Unfiltered: Maciej Lyko, head sommelier, Launceston Place

Polish-born Maciej Lyko’s interest in wine developed while working as a salesman at at Mielzynski, one of Poland’s foremost wine merchants. During this time, Maciej successfully passed the Wine and Spirits Education Trust advanced exam, which set him on the path to hospitality and sommellerie. Maciej moved to London in 2014, and landed a sommelier role at Gordon Ramsay’s Michelin-starred restaurant Maze. The following year, Maciej joined the team at Launceston Place in Kensington as assistant head sommelier, working under Piotr Petras. Following Petras’ departure, Maciej accepted the role of head sommelier at Launceston Place in 2018. Already holding the Advanced Court of Master Sommeliers certificate, Maciej is now preparing to take the Master Sommelier exam. Here, he shares his love of Chenin Blanc from the Loire, what it was like to serve former PM David Cameron, and reveals his perfect pairing to langoustine ‘ice cream’.

What or who inspired you to become a sommelier?

When I was 22, I started working as a wine salesman for Mielzynski, one of Poland’s biggest wine merchants. The experience was great and gave me the chance to work with people who had the same passion for wine and who could share their knowledge with me. I then wanted to bring my experience to a restaurant environment, which led me to move to London where I worked at Gordon Ramsay’s Maze.

What’s your favourite part of the job?

There are so many parts of my job that I love: meeting new people; working with passionate colleagues and exploring new food and wines. Every day brings something new which makes this job so interesting.

What’s the biggest misconception about the role of a sommelier?

There are probably many misconceptions, and I’m sure some people think we only travel and drink wine! In reality it’s slightly different.

What’s your go-to drink at the end of a long day?

A glass of Riesling, or a Chenin Blanc from the Loire Valley. I love the acidity and minerality of those two varieties of grape.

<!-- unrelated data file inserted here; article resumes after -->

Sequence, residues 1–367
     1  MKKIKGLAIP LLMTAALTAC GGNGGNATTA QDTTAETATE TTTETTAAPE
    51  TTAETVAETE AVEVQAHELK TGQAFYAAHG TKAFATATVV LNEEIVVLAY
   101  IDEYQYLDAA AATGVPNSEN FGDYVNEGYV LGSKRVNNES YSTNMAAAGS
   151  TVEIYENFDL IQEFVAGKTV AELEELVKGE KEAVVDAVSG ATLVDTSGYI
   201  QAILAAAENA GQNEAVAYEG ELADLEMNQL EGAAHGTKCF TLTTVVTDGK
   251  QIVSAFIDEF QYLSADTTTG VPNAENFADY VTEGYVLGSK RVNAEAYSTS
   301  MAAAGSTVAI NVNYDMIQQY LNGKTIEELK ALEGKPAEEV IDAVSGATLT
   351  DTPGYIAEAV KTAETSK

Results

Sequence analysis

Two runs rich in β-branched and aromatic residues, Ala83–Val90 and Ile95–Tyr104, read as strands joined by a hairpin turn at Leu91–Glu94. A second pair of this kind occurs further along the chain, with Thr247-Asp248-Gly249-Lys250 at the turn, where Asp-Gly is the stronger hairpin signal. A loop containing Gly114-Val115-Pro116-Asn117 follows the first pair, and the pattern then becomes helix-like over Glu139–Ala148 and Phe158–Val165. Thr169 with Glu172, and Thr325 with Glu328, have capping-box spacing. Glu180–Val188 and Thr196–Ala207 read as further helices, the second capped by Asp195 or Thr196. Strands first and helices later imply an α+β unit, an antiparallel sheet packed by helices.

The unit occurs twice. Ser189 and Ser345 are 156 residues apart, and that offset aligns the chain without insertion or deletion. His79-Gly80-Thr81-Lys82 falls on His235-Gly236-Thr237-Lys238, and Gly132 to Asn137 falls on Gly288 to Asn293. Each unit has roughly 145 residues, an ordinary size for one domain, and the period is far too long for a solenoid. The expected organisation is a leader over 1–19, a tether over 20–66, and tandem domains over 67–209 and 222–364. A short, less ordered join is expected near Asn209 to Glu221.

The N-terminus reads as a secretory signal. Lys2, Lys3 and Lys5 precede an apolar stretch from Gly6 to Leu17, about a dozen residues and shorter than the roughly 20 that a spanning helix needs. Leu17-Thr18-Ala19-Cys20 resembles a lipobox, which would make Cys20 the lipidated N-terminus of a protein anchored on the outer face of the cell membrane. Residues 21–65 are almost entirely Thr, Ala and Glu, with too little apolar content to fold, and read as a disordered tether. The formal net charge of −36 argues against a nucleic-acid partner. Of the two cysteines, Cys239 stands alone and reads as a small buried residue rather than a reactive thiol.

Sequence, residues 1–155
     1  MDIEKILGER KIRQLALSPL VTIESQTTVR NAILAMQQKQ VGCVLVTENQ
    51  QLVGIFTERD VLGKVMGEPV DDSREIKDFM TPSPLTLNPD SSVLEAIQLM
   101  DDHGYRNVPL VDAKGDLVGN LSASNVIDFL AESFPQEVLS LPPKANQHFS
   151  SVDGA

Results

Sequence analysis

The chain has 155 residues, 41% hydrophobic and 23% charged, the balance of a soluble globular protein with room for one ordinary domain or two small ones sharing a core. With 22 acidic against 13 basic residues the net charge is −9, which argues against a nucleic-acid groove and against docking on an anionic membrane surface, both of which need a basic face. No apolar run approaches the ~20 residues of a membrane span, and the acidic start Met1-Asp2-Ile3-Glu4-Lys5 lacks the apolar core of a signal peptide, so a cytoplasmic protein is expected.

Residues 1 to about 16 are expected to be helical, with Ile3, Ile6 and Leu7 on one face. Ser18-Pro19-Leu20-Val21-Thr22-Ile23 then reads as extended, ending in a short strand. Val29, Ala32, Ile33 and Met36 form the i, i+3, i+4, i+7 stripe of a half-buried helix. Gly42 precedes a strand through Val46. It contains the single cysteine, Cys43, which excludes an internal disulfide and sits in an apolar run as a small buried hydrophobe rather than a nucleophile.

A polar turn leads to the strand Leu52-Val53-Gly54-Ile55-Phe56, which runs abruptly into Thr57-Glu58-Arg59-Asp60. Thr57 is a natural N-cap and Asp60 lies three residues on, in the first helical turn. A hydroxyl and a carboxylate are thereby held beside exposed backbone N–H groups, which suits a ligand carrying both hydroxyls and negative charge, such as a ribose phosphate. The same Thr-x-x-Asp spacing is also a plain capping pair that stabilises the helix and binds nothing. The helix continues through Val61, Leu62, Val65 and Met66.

What’s your most embarrassing front-of-house moment?

At the beginning of my career as a sommelier, I accidentally used a bottle of Picpoul to top up the glasses of a table drinking some very expensive Burgundy. As you can imagine, it was not the best day of my life.

If you could give your younger self advice when starting out as a somm, what would it be?

Listen and learn from people who have more experience than you.

What bottle sparked your love of wine?

It was a bottle of Georg Breuer Schlossberg Riesling. I tasted it and realised that it is my favourite grape variety: complex, aromatic and very elegant.

What to date has been your most memorable wine experience?

I will never forget a trip to Madeira, where I tasted some of the best wines produced on the beautiful island.

Which customer habit annoys you the most?

I am not annoyed by guests’ habits. The only thing that I really don’t like is impoliteness.

Who is your inspiration in the gastronomic world?

My colleagues! I am very grateful to work with such passionate people who give me inspiration to develop and be better every day.

What’s your ultimate food and wine pairing?

Jamon Iberico and a glass of Sherry. It’s not very original, but I love it.

Where would your fantasy vineyard be?

It’s too difficult to choose just one. It would either be Rheingau or Madeira.

If you weren’t a sommelier, what would you be doing and why?

I have absolutely no idea. Maybe I would be professional coffee drinker, music listener and book reader!

Which wine (grape/style) do you find it impossible to get along with?

I am not a big fan of Gewürztraminer.

Who is the most memorable customer you’ve ever served and why?

David Cameron is the most memorable customer I have served. He was very humble and polite.

What makes you most proud to be a sommelier working in London?

London is one of the best cities when it comes to hospitality. It is a great place to develop as a sommelier, meet people from all over the world and taste some of the greatest wines.

What’s on your wine bucket list?

The list is very long, but I would like to visit Australia as I have never been there before.

Finally, what wine and paired plate would you pick from your list and why?

The langoustine tartare served with beetroot and crème fraîche brunoise and langoustine ice cream. I would pair this with Tenuta di Fessina Erse 2016 from Sicily. The wine has a very
delicate, mineral character which compliments the langoustine perfectly, but also has enough freshness and acidity to cut through the crème fraîche. It’s a lovely combination.

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